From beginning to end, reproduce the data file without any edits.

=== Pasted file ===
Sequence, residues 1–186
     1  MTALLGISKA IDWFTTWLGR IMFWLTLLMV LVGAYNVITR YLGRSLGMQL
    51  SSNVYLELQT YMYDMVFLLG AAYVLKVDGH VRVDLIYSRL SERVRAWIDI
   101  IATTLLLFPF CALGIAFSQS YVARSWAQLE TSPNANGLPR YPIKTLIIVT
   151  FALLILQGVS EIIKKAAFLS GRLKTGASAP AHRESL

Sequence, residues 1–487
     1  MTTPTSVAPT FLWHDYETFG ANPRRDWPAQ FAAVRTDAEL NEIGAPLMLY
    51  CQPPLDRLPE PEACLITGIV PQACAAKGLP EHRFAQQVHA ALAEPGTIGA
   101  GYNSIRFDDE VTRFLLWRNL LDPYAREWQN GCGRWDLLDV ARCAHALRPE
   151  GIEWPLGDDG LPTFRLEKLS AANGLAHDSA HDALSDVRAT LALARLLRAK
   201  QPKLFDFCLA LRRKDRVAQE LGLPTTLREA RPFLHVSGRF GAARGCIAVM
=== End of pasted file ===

Sequence, residues 1–186
     1  MTALLGISKA IDWFTTWLGR IMFWLTLLMV LVGAYNVITR YLGRSLGMQL
    51  SSNVYLELQT YMYDMVFLLG AAYVLKVDGH VRVDLIYSRL SERVRAWIDI
   101  IATTLLLFPF CALGIAFSQS YVARSWAQLE TSPNANGLPR YPIKTLIIVT
   151  FALLILQGVS EIIKKAAFLS GRLKTGASAP AHRESL

Sequence, residues 1–487
     1  MTTPTSVAPT FLWHDYETFG ANPRRDWPAQ FAAVRTDAEL NEIGAPLMLY
    51  CQPPLDRLPE PEACLITGIV PQACAAKGLP EHRFAQQVHA ALAEPGTIGA
   101  GYNSIRFDDE VTRFLLWRNL LDPYAREWQN GCGRWDLLDV ARCAHALRPE
   151  GIEWPLGDDG LPTFRLEKLS AANGLAHDSA HDALSDVRAT LALARLLRAK
   201  QPKLFDFCLA LRRKDRVAQE LGLPTTLREA RPFLHVSGRF GAARGCIAVM